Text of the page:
Pricing Structure: It’s typically the first thing a consumer looks at so I’ll do the same. Some of the larger affiliate networks have the luxury of actually being able to charge a setup fee just for you to get started. If you are a large merchant or you have a cutting edge program, some networks will occasionally waive or reduce this fee -- remember everything is negotiable. Other networks will require you to place a deposit to ensure that they will be able to pay their affiliates for your commissions owed. In either scenario, all networks charge a percentage of sales or affiliates commissions that they pocket for themselves. Some organizations will even charge a minimum monthly amount. It’s important to know about pricing ahead of time when you are negotiating with each network. At that point, you will also begin discussing what your payout is going to be. If this is your first affiliate program, keep in mind that the higher your payout, the more the network earns. Outside of knowing your own margins and what you can afford to pay, you should conduct a comprehensive competitive analysis and see what your competition or industry payout is. Be sure to always leave some room to offer your top performers a higher payout than the average.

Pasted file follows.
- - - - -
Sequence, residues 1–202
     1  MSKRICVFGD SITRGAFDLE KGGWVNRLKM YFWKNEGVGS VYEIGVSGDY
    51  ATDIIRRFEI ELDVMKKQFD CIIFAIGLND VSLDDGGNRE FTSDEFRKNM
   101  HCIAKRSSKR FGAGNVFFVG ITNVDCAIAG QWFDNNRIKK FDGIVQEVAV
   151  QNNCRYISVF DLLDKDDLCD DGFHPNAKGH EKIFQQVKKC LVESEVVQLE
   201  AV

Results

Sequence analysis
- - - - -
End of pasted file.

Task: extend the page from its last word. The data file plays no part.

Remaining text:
Don’t Buy the Hype: Too often a sales person from an affiliate network will attempt to sell you on how great your affiliate program will be and how much money it will do in their network. Don’t fall for it. A good network and a responsive affiliate manager will teach you and show you how to improve your offer before ever taking it out to affiliates. For a new program, a good network should be the one conducting the interview to decide whether to accept your program in to their network. Remember, if your program does not succeed for a network, they don’t make any money either. The better networks should be more difficult to get started with. Remember the old adage, “If it sounds too good to be true, it probably is.”

In addition, you must also realize that the number of affiliates in a network is not nearly as important as the quality. Many new merchants place too high a value on how many affiliates a network claims to have. It is well known that a relatively small percentage of affiliates produce the majority of all sales activity. You should attempt to clarify how many of the networks affiliates are earning commissions on a monthly basis, as well as the average commission earned.  

Support and Service: Some networks are nearly 100 percent full-service; others are all self-serve. It is important for you to find out what level of service you will be getting to help your program succeed. Find out if the network will help you with creative and make recommendations regarding your Web site. How will the network get your name out to their affiliates and promote your offers? Some networks will simply list you with a several dozen other merchants. A good network will at a minimum have a weekly newsletter to announce your program.